Sociology of the Self and Everyday Life

First year module

Lecturer: Team taught

This module introduces students to traditions in sociology which seek to understand the development of individual subjectivity and everyday experience in a sociological context.  The module explores what is distinctive about sociological accounts of individual experience. It identifies and draws on key concepts from the micro-sociological tradition (eg roles, rules, norms) in analysing how individuals come to make sense of and negotiate everyday settings. The question of agency – the extent to which individuals are the active creators of their identity and worldview – is a crucial issue in such debates. Having introduced these analytical concepts, the module pursues them through a series of in-depth substantive case studies focusing on different elements of individual experience. These will be drawn from areas such as the experience of the self in the city, the relationship of the individual to an imagined political community, and the construction of 'happiness' in ordered societies.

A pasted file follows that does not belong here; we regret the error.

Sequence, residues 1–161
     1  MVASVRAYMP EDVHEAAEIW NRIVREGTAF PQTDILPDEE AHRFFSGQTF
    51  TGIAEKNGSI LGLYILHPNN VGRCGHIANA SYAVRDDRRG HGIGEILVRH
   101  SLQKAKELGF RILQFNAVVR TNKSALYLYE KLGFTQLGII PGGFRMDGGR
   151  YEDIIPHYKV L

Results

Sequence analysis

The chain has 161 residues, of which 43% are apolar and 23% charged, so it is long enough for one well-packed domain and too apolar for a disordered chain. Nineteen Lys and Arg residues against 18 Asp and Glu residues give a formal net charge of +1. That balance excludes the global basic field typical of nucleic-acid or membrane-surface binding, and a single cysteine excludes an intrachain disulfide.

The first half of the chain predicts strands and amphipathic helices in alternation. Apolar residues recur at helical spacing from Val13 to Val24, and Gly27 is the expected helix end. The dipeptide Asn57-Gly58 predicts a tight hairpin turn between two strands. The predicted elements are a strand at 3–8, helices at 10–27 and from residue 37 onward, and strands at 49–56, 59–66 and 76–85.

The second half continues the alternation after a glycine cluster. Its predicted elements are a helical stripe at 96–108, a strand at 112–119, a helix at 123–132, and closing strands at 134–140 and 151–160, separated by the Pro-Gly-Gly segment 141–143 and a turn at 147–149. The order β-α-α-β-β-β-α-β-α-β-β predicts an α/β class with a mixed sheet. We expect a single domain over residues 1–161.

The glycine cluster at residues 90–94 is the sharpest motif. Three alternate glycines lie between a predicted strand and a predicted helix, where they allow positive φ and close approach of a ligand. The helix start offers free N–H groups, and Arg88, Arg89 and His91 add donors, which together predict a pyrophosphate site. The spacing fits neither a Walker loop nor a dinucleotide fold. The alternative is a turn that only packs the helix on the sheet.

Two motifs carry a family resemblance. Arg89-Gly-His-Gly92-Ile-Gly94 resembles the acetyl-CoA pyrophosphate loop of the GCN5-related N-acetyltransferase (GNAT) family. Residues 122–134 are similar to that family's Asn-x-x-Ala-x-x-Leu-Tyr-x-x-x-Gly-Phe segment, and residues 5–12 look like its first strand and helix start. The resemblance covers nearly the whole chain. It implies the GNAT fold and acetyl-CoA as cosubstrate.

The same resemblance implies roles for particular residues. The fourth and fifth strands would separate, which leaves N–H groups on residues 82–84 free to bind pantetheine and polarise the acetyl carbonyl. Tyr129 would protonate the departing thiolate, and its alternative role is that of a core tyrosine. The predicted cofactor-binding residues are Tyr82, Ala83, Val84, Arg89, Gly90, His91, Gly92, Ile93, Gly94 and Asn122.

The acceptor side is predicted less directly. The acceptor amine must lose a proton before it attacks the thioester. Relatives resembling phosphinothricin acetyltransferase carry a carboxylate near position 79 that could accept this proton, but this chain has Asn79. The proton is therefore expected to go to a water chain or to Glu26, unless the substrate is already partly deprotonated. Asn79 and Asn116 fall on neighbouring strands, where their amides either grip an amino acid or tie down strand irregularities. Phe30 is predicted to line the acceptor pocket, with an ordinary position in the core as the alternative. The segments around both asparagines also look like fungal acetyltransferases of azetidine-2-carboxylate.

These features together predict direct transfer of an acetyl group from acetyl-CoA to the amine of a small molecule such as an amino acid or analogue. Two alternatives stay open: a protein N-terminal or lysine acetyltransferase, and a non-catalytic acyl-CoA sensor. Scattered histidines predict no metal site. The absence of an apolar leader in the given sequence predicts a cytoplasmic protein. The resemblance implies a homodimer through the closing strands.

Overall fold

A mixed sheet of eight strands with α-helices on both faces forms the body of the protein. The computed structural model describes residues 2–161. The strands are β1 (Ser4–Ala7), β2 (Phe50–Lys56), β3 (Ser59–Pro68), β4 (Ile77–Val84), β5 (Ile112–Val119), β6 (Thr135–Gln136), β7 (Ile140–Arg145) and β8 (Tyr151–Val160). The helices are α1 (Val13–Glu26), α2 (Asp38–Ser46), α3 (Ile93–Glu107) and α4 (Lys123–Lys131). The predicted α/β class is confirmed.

Learning outcomes

By the end of the module students should be able to:

  • Identify and critically assess key concepts in the Sociology of the Self and everyday life
  • Identify what is distinctive about sociological accounts of the Self and everyday life compared to other disciplines and types of account
  • Apply and evaluate these key concepts in the context of substantive case studies on different aspects of everyday experience


  • Term One: 1 x 2,000 words summative assessed work (50%)
  • Term Three: 3 hour examination (50%)